O'Neill Institute | July 28, 2021Read the Publication
THIS 50 STATE SNAPSHOT presents current laws, policies, and court actions related to access to medications for opioid use disorder (MOUD) in correctional facilities in the U.S as of April 2021. Where available, this survey also includes examples of programs that are county- or facility-specific.
This report focuses specifically on three categories of medications approved by the U.S. Food and Drug Administration to treat opioid use disorder (OUD): methadone, buprenorphine and naltrexone, but also mentions branded versions of these medications, which include combination medications, long-acting versions, and medications with different methods of administration (for example, injectable or oral). Individuals leaving jails and prisons are between 10 and 40 times more likely to die of an opioid overdose than the general population—making them one of the highest at-risk groups for opioid overdose. This risk is especially acute three to four weeks post-release. Access to MOUD in jails and prisons is one targeted approach that can help decrease risk for overdose death.
Some states have taken legislative or executive action to encourage or mandate that correctional facilities provide access to MOUD. Litigation by impacted individuals has also helped increase access to MOUD in correctional facilities. Moreover, a number of states that had enacted restrictive rules governing MOUD access only a few years ago have since updated their policies to apply to more (or all) prison facilities, to provide broader MOUD treatment options, and to allow for MOUD for a longer-term. In sum, the policy landscape on MOUD in jails and prisons is rapidly evolving.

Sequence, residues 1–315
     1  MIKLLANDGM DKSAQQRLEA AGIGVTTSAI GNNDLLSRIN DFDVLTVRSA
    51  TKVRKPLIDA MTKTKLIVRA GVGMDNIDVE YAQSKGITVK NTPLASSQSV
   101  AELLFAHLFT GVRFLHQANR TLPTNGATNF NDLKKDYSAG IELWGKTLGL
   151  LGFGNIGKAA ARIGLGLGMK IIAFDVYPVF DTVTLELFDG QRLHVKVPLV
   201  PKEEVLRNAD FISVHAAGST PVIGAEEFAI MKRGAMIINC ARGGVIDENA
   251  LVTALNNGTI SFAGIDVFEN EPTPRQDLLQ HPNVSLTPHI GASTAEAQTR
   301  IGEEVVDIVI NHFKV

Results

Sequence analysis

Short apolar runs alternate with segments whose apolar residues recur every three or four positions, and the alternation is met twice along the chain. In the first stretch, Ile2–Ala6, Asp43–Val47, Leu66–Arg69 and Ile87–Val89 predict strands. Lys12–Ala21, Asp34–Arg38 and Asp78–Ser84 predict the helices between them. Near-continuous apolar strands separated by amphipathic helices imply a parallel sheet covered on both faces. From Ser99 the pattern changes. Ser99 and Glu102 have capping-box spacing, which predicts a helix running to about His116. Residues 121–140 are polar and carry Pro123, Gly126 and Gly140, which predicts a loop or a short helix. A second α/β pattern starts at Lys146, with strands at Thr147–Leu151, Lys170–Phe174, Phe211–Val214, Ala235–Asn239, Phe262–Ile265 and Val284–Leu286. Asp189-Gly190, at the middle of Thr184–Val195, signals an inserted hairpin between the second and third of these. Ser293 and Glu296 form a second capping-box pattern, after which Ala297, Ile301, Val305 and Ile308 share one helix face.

It is important to emphasize that this report represents a snapshot in time. As more states, counties, jails, and prisons recognize that providing medication for OUD is a critical tool for reducing overdose deaths, we anticipate positive policy changes that expand access.
This snapshot is accurate as of April 2021.
Health Equity Human Rights Medication for Opioid Use Disorder Substance Use Disorder US Health Care Policy
Access to Evidence-Based Treatment for Substance Use Disorder